Transgender identities are gaining more social acceptance. With that trend, we can expect more transgender people to start transitioning at a younger age. Transition is the process by which a transgender person recognizes that their authentic gender identity is not the same as the gender assigned at birth and develops a more affirming gender expression that feels authentic. Social transition may involve changes in name, pronoun, and dress. Some individuals may undergo medical transition as well, which might include hormone treatments and surgery.
Your identity has legal significance and changing it to match your gender identity will involve paperwork procedures with several government authorities. Transgender people should also be familiar with the laws that protect them against discrimination at school and in the workplace.
Below are nine things to keep in mind about the law as you transition.
1.) State Law Will Determine Much of Your Transitioning Experience
The more important aspects of your transition will be controlled by the laws in your state. For example, the rules regarding name changes are set by the states, as are rules for changing birth certificates and drivers licenses. Anti-bullying protections are set by state law, and so are many anti-discrimination rules. There is some federal law that will protect you from discrimination at work, and federal law may also help you get medical accommodations at school and give you power to change school records. Since I practice in New Jersey and New York, I will provide you with some specific tips in this article about those states.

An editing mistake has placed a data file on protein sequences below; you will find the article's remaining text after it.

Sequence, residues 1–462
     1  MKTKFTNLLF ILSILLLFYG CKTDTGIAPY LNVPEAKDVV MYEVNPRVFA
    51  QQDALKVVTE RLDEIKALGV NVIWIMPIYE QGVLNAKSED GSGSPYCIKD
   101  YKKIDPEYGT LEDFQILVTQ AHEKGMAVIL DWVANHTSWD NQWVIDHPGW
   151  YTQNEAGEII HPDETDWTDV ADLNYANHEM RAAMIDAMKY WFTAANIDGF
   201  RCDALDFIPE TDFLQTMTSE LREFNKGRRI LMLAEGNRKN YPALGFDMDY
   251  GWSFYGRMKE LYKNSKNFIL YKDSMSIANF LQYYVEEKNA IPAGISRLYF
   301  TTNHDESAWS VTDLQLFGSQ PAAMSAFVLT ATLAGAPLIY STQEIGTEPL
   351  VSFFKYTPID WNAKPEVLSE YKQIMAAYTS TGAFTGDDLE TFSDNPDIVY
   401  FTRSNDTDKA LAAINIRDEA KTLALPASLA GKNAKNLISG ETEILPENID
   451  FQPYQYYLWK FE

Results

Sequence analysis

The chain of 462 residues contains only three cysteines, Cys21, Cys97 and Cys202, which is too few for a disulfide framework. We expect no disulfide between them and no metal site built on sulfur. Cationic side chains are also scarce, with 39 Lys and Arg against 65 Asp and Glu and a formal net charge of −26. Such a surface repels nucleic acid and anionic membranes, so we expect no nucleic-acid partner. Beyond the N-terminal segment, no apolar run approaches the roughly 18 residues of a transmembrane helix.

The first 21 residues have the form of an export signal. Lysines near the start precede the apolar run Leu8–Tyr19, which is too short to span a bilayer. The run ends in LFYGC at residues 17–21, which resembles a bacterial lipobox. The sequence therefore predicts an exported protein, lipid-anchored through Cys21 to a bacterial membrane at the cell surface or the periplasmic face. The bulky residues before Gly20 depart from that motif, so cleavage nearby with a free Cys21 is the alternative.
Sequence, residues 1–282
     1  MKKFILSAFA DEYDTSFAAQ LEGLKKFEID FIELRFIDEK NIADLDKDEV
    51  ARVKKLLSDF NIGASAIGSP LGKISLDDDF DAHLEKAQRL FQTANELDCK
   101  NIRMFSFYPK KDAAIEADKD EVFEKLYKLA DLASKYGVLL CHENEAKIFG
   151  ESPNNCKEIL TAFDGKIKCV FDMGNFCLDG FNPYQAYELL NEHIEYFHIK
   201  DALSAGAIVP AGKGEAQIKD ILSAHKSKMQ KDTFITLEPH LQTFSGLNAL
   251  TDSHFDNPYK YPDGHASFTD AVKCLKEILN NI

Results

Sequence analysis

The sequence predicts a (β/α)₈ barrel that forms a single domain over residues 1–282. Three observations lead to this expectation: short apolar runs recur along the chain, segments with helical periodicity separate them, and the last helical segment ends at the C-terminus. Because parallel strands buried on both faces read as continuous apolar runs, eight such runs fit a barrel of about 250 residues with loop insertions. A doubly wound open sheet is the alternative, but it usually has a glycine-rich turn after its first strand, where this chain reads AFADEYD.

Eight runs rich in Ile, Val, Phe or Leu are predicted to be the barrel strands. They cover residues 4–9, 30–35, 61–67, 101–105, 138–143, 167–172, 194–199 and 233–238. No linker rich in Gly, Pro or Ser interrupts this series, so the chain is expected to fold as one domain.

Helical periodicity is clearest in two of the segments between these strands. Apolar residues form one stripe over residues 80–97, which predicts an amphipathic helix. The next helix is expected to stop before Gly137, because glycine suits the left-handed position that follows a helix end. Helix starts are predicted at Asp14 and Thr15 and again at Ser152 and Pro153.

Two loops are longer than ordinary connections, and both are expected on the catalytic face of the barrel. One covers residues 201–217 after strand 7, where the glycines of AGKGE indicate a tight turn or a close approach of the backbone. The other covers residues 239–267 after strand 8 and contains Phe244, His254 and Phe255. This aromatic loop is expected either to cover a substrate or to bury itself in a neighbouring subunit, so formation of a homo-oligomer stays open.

2.) A Name Change Is A Public Event
A legal name change is designed to be a public event. The court records of your name change may be available to the public, but most problematically, you will have to publish notice of your name change in the legal notices section of a local newspaper.
For transgender people, this publicity can be a very serious matter that exposes them to harassment, discrimination, and even violence. There have been cases where transgender people have received threatening communications from people who saw the legal notices publication of the name change. Doxxing is another problem. Doxxing is the Internet-based practice of researching and broadcasting private or identifying information about an individual in order to harass and intimidate them. Transgender people sometimes get doxxed when someone finds the notice of their name change and then publishes information about their dead name and may circulate pre-transition pictures of you they find on the internet.
A related concern with publication is that newspapers are often published online. Therefore, fifteen years from now, you might be passing as your preferred gender at work, when someone in the office does a Google search of your name and finds the legal notice of your name change. This could have negative consequences.
Your name change does not have to be public however. You can work with an attorney to get the publication requirement waived, and sometimes, get your documents sealed so that you can rest assured that you will not be harassed by people who find out about your name change in the newspapers or online.